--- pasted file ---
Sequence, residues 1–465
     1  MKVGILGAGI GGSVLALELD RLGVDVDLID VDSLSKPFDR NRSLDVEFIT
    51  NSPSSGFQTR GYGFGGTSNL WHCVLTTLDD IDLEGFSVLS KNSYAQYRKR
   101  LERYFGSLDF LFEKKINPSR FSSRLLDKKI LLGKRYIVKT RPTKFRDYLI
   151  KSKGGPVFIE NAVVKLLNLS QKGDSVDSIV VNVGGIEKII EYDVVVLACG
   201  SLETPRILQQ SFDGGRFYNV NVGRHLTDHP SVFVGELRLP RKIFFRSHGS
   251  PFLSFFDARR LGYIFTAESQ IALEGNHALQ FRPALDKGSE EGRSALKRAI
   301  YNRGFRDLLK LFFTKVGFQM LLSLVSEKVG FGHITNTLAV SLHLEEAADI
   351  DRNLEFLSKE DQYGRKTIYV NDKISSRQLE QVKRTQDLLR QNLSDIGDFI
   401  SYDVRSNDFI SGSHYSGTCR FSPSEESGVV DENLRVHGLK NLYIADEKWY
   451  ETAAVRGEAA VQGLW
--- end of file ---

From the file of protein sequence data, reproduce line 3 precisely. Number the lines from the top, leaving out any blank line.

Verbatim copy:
    51  NSPSSGFQTR GYGFGGTSNL WHCVLTTLDD IDLEGFSVLS KNSYAQYRKR